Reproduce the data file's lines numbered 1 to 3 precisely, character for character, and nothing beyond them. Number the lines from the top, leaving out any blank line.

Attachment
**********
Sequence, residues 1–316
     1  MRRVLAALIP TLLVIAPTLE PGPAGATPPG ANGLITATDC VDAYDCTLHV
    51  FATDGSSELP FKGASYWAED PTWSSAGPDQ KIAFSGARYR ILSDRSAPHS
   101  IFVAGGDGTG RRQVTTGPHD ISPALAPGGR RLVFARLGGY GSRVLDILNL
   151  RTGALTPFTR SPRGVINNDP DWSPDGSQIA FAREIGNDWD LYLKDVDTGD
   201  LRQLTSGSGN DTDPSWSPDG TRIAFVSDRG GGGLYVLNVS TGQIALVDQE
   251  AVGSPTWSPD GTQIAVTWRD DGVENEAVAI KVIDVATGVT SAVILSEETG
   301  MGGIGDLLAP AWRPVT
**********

Sequence, residues 1–316
     1  MRRVLAALIP TLLVIAPTLE PGPAGATPPG ANGLITATDC VDAYDCTLHV
    51  FATDGSSELP FKGASYWAED PTWSSAGPDQ KIAFSGARYR ILSDRSAPHS